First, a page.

TORONTO — Mitch Marner scored twice and added an assist in a wild 59-second span midway through the third period as the Toronto Maple Leafs outscored the Carolina Hurricanes 8-6 on Monday at Scotiabank Arena.
The Toronto forward scored at 11:01 and assisted on Tyson Barrie‘s game-tying goal at 11:54. A Carolina timeout didn’t stop the momentum as Marner scored six seconds later to the delight of the 19,176 in attendance for the holiday season matinee.
Pierre Engvall sealed the victory with an empty-netter. Marner, who had three assists, recorded a game-high five points.
Jason Spezza, William Nylander, Auston Matthews and John Tavares also scored for the Maple Leafs (20-14-4), who have won five straight games.
Martin Necas and Erik Haula had two goals apiece for the Hurricanes (22-13-2) while Brock McGinn and Andrei Svechnikov added singles.
Toronto scored three times before the game was six minutes old but the Hurricanes responded by scoring five straight goals to lead 5-3 after 40 minutes.
Toronto attacked from the start and was rewarded when Spezza scored 30 seconds into the game. Tavares fed the puck in front of the net and when Brett Pesce couldn’t clear it, Spezza chipped it in on the backhand.
Pesce’s tough period continued moments later when he got the stick up on Toronto forward Zach Hyman. The Maple Leafs took advantage with two goals on the ensuing double-minor penalty.
Nylander was left alone in the slot and he wired a wrist shot past Reimer at 3:40. The Toronto power-play unit clicked again at 5:10 when Spezza fed Tavares by the side of the net and he roofed it to make it 3-0.
Former Leafs goalie James Reimer was yanked after giving up three goals on seven shots. He was replaced by Petr Mrazek and the Hurricanes seemed to feed off the change.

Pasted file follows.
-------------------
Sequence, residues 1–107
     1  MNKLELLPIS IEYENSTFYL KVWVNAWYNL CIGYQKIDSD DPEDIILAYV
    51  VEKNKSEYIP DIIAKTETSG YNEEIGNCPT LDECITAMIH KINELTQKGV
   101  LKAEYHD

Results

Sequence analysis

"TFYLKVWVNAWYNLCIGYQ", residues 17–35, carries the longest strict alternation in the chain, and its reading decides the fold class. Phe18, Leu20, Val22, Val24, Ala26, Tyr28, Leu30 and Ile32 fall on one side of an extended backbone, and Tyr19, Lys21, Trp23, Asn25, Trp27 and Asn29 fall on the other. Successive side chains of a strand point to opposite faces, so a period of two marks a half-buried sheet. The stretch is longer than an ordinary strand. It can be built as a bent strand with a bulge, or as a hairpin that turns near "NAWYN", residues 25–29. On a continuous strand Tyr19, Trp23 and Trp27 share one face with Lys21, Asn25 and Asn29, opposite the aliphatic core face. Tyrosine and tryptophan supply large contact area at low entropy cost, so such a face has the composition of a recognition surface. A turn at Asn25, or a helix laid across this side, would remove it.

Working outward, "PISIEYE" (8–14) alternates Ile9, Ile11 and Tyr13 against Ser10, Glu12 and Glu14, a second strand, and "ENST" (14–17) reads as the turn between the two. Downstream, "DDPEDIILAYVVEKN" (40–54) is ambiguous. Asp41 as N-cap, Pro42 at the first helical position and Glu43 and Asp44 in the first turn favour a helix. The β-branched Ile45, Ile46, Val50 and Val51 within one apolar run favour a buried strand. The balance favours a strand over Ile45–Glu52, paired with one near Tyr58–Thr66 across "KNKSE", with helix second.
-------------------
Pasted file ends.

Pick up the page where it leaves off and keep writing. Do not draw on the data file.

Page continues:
McGinn had a shorthanded goal at 13:49 and Necas added a power-play marker at 19:35 with a nifty redirect of a Lucas Wallmark point shot.
Carolina continued to press early in the second period. Toronto goaltender Frederik Andersen made a couple of impressive stops as chants of “Fred-dy! Fred-dy!” thundered down.
The crowd was silenced later in the stanza as the Hurricanes struck for three goals in a 64-second span. A brutal Morgan Rielly giveaway led to a Necas game-tying goal at 15:09.
Necas assisted on Haula’s goal 20 seconds later and Svechnikov made it 5-3 at 16:13 to suck most of the air out of the building.
Early in the third period, Hyman found Matthews by the faceoff circle and the Toronto sniper buried a one-timer at 2:35 to cut the deficit. Haula responded with a one-timer of his own at 5:58 to restore the two-goal cushion.
Matthews made a highlight-reel cross-ice pass to set up Marner’s first goal. Engvall’s empty-netter came at 18:20.
Carolina outshot Toronto 41-39.
Former Maple Leafs defenceman Jake Gardiner, now with the Hurricanes, received a nice ovation after a video tribute was played early in the first period. Gardiner was making his return after spending eight NHL seasons in Toronto.
Notes: Canadian PGA Tour golfer Corey Conners was in attendance. … Tavares had three points in a period for the 10th time in his career. His personal best was a four-point effort for the New York Islanders against Tampa Bay in 2011. … Marner extended his point streak to eight games. … With school on winter break, thousands of kids took in the Next Gen Game.
This report by The Canadian Press was first published Dec. 23, 2019.
Follow @GregoryStrongCP on Twitter.
Steven Stamkos ruled out for Game 4 of Stanley Cup final – CBC.ca
Tampa Bay Lightning captain Steven Stamkos will not play in Friday’s Game 4 of the Stanley Cup Final against the Dallas Stars, head coach Jon Cooper announced.
“He’s not going to play, but we haven’t ruled him out for the series,” Cooper said. “But he’s not going to play tonight.”
Stamkos, 30, played for the first time since Feb. 25 when he suited up for Game 3 on Wednesday. Stamkos underwent surgery in March to repair a core muscle injury. He had an initial recovery timeline of six to eight weeks, but it’s believed he aggravated the injury and experienced at least one setback since then while trying to join the team.